PARADISE LOST guitarist Aaron Aedy spoke with Metal-Heads.de prior to the band's November 8 performance at the Live Music Hall in Cologne, Germany. The full chat can be viewed below. A few excerpts follow (as transcribed by BLABBERMOUTH.NET). On the upside of playing "depressing" music: Aaron: "I always describe us as a dark cloud with a silver lining. We're optimistic pessimists. We've always been big fans of doom music. It's what we started with, really. It's good in a way, because when you play miserable music, you seem to be happier in life, whereas if you read an autobiography of a comedian, they have to make people laugh and in their real lives, they're miserable, so I prefer our version — happy in real life. We still have a great life together, even after nearly thirty years. We still enjoy each other's company." On the musical direction of the group's latest album, "Medusa": Aaron: "I think when we did [2015's] 'The Plague Within', the last song that was written for it was 'Beneath Broken Earth', and as we were putting it together in the studio, we were like teenagers, excited about it. Then playing it live, it had a lot of gravitas live, and I think that was probably a lead-in to how this album developed. We just love playing the doom songs live. We wanted to make the album sound very organic — the drums are actually the drums themselves recorded. They're not drum replacements or anything like that. They spent about three days just getting the sound of the kick sounding right to record. When I did my guitars, the drums [had] no compression or anything. It sounded great, because they spent the time first. It's better to get it right first rather than try to fix it later. It's a very good, organic approach on this album." On what's next for the group: Aaron: "We never plan for the future. Every album, we don't sit down at the end of a tour and go, 'Okay, what's the master plan for the next album?' We've never done that, really. It kind of quite organically happens with how everyone feels at the time, really. Even when there's half the album done, you can't really tell what the other half's going to be like. There's no master plan." On whether his perspective has changed over the years: Aaron: "I'm 48 next month, but when I'm on stage, I feel like I'm 16. It doesn't matter, really. It's only when I wake up in the morning and go 'Ooh, ow!' — but when I'm on stage, my brain thinks I'm 13, but my body thinks I'm 80. "After we all turned 40, we began to really appreciate how lucky we are to be in a position where we're doing what we're doing. I think we're enjoying — well, I've always enjoyed it, but people in the band are enjoying it more because they appreciate how lucky we are. We get, like, somebody and their mother and their grandparents coming to signing sessions. It's quite bizarre, but it keeps you young. I don't feel any different to when we started, really." On the impact of modern technology: Aaron: "It's great, because fans can interact with each other worldwide and send each other clips. There's pros and cons to every developing technology, but I think it's made a lot of bands really [say], 'We've got to be good, because if it looks crap on YouTube, nobody's going to come.' It does sort of encourage you to, rather than getting absolutely hammered like people did in the nineties and then go on stage and be okay, but not brilliant, I think it's made everybody up their game, which is a good thing." On the group's new drummer, Waltteri Väyrynen: Aaron: "I think Waltteri will be here as long as he wants to be. He loves PARADISE LOST. He's known the music since he was about five years old, since his mother was into PL. He's a technically amazing, amazing drummer. He'll probably be drumming for someone massive in ten years if he's not with us, but I can't see him going anywhere. He's such a lovely lad." "Medusa" was released on September 1 via Nuclear Blast. The album was recorded in Woburn, England with producer Jaime Gomez Arellano. The artwork was created by Branca Studio and shows the infamous Gorgone Medusa from Greek mythology, carrying venomous snakes as hair and turning anyone into stone who would dare to look into her eyes.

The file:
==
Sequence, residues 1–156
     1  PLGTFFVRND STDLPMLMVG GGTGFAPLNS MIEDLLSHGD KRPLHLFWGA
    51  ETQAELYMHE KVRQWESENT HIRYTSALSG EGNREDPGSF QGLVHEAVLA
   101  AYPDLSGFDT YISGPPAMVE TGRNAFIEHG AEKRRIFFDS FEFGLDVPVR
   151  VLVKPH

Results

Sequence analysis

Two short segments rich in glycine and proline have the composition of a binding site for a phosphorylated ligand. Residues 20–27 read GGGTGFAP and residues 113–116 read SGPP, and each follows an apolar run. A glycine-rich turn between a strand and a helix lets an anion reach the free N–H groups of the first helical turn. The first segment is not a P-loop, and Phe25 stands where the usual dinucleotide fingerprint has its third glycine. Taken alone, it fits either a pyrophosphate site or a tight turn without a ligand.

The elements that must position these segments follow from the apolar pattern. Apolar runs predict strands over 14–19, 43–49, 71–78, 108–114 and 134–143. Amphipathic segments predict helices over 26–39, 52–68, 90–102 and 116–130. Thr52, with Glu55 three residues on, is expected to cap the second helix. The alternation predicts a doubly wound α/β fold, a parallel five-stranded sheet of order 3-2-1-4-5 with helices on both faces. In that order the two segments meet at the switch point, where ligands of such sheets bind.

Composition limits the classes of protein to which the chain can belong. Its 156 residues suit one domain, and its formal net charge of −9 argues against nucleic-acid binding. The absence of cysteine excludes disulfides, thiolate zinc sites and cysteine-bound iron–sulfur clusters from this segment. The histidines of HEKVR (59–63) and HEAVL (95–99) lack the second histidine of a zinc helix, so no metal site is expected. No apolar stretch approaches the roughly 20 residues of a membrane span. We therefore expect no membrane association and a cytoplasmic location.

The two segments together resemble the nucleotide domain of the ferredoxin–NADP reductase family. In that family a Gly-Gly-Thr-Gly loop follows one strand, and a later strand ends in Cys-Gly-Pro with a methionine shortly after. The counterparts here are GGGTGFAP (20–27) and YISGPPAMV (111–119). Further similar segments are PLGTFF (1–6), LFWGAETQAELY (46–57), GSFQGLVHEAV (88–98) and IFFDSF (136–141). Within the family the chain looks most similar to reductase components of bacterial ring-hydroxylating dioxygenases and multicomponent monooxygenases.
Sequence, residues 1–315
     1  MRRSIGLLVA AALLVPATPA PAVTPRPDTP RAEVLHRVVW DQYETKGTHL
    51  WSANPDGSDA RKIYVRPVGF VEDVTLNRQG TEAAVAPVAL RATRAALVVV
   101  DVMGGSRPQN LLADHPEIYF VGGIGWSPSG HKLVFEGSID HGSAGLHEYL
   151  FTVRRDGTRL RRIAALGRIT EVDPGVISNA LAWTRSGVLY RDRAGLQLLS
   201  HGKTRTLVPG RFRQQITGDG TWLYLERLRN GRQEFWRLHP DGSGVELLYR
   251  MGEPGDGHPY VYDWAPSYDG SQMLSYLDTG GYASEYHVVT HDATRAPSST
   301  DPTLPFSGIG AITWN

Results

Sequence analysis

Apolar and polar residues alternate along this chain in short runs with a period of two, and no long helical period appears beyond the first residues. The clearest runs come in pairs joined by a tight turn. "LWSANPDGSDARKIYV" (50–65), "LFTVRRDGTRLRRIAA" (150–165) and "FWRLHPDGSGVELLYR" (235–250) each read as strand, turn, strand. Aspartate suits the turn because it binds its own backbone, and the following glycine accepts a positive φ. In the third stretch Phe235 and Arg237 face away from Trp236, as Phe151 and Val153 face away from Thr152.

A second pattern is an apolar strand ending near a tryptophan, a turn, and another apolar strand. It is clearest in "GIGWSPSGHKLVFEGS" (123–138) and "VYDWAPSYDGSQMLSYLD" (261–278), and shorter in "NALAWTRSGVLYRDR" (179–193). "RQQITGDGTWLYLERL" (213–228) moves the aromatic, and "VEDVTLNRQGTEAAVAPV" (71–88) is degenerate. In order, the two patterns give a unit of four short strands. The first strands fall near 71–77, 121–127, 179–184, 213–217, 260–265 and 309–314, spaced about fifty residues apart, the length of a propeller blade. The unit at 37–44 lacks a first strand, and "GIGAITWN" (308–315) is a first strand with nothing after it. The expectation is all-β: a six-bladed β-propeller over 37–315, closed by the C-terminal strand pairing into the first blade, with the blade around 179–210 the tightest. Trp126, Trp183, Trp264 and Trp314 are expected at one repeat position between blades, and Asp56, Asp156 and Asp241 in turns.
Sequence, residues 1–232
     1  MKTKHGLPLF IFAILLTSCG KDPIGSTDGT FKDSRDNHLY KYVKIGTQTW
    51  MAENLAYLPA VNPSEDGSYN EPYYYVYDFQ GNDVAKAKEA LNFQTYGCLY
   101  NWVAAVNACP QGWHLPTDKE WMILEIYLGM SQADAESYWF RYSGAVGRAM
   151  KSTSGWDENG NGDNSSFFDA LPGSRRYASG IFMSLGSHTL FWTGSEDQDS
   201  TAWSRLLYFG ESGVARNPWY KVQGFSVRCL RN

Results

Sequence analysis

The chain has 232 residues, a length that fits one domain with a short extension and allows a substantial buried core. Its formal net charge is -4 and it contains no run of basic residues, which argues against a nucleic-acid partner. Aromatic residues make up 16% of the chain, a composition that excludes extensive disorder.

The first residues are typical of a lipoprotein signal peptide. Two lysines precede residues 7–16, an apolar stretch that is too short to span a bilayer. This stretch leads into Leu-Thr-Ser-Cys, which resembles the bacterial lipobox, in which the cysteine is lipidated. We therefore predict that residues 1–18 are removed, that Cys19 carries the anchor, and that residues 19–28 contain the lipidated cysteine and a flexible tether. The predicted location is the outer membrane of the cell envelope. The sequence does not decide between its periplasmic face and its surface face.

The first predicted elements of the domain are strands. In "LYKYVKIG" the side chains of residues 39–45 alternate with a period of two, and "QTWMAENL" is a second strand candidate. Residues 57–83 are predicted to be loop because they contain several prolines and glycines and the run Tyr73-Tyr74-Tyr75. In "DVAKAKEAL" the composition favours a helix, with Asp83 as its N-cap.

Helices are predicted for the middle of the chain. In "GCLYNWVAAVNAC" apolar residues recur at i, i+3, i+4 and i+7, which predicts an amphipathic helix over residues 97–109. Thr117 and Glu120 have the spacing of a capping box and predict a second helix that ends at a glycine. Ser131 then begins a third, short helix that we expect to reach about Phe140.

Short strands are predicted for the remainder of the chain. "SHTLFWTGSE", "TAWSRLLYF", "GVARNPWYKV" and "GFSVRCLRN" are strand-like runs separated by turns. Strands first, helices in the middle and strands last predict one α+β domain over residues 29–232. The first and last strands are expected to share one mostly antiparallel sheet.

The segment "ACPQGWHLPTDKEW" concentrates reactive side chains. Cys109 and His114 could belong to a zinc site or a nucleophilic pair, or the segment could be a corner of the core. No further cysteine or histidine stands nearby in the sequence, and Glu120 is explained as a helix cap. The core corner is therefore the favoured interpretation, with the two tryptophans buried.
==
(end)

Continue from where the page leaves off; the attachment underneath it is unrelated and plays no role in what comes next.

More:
By | 2017-11-16T12:40:11-06:00 November 16th, 2017|Rock News|Comments Off on PARADISE LOST Guitarist: ‘When You Play Miserable Music, You Seem To Be Happier In Life’

FATES WARNING’s ‘Perfect Symmetry’, ‘Parallels’ Albums To Be Reissued With Bonus Tracks

On January 12, Metal Blade Records will reissue two of FATES WARNING's fan-favorite albums, "Perfect Symmetry" (1989) and "Parallels" (1991), as part of the label's "Originals Series". Featuring new vinyl mastering by Patrick W. Engel, both "Perfect Sy...

By | 2017-11-16T10:39:16-06:00 November 16th, 2017|Rock News|Comments Off on FATES WARNING’s ‘Perfect Symmetry’, ‘Parallels’ Albums To Be Reissued With Bonus Tracks

MEGADETH’s DAVID ELLEFSON, KIKO LOURIERO: Video Footage Of Replay Guitar Exchange Q&A, Performance